One prime location is the Cone of Fire itself, Tierra del Fuego. The three small islands at the eastern end of the Beagle Channel represented a serious challenge to Chilean and Argentine manhood from the late 1800s until very recently (and I am not convinced that current mutterings of friendship are all that heartfelt). Scenarios range from a struggle between two fleets of armored cruisers in 1899 on through a potential carrier battle in 1955 with Argentina fielding several squadrons of jets. There are troop landings, commerce raiding and terror bombardments. Chile has a major port right on the Strait of Magellan, while Argentina has a large base at Ushuaia on the southern shore of Tierra del Fuego.

The Strait itself, and the many channels nearby, create the most intricate terrain we've used in either naval game series. Fleets can play cat-and-mouse games in the channels, with coast-watchers constantly spotting them and the danger of becoming trapped in the maze always present.

The next hot spot is the Falkland Islands, another prime target of Argentine nationalism. Scenarios include Argentine attempts to take them, British attempts to take them back, and the efforts of both to supply their garrisons there. No actual invasions of the Falklands took place during this time frame, though both sides considered the question very seriously and made plans to take or defend them. The British at one point, in the panic that followed Pearl Harbor, even feared that the Japanese might sail around South America and grab the islands.

The third prime location is the Rio de la Plata estuary. During the first half of this century, it rivaled the waters off New York as the most heavily-trafficked destination for merchant shipping thanks to Argentina's booming agricultural exports. The Argentines get to defend their trade from Brazilians and British.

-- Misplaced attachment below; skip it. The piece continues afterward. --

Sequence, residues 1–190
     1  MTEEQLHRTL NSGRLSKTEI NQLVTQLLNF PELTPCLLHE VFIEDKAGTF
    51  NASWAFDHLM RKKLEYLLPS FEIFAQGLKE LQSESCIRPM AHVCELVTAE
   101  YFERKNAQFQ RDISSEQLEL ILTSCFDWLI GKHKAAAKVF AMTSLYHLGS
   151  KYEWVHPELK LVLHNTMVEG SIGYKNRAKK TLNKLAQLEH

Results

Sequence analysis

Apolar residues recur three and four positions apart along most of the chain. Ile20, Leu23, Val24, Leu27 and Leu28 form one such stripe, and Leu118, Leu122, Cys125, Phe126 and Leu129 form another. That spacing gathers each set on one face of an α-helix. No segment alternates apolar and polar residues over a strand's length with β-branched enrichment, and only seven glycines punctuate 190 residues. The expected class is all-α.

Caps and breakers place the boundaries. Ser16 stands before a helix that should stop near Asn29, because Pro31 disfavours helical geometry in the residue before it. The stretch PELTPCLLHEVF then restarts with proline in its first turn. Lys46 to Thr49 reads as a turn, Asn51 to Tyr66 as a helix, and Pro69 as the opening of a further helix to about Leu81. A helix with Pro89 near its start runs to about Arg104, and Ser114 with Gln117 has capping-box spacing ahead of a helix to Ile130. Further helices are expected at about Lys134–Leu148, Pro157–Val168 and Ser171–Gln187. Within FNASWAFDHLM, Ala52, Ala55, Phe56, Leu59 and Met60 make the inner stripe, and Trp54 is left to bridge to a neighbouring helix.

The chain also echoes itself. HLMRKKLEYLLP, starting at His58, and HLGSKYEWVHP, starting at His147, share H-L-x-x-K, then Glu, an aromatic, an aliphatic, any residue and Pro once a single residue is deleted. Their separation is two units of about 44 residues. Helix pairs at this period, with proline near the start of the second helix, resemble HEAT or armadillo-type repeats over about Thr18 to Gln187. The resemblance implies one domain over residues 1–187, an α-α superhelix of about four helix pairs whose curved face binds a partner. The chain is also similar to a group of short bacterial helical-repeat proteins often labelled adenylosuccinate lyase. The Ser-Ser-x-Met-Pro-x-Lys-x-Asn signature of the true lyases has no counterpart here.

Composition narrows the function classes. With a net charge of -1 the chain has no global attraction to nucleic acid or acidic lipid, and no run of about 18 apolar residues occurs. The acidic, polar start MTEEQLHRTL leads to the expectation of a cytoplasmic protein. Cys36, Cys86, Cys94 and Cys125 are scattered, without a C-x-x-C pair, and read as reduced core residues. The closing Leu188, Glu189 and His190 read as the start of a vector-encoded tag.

Along with the expected time frames (turn of the century, World War I, World War II, post-war), there's also a series of scenarios set around 1930. While I selected this as a period of Anglo-Argentine diplomatic rupture (Argentine nationalization of British oil firms was the catalyst, but the economic conflict ran much deeper than that), I also wanted to see some of the Royal Navy's older ships in Second World War at Sea garb.

There are some nice historical scenarios in each of the two games. For Great War at Sea, we have the hunt for Admiral Graf Spee's squadron, the Chilean hunt for the secret Royal Navy base in their southern archipelago, and the British hunt for the cruiser Dresden after the Battle of the Falklands. For Second World War at Sea there are the adventures of the German leader's namesake cruiser Admiral Graf Spee.

Cone of Fire is a fine game with a lot of unusual stuff inside the box. I regret not putting even more unusual stuff into two boxes instead; considering what developer Jim Stear did with Horn of Africa, each separate game would no doubt have had 60 or more scenarios. But what we did put in the box is still pretty cool.

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Mike Bennighof is president of Avalanche Press and holds a doctorate in history from Emory University. A Fulbright Scholar and award-winning journalist, he has published over 100 books, games and articles on historical subjects. He lives in Birmingham, Alabama with his wife, three children his dog Leopold and his pet turkey, Egbert.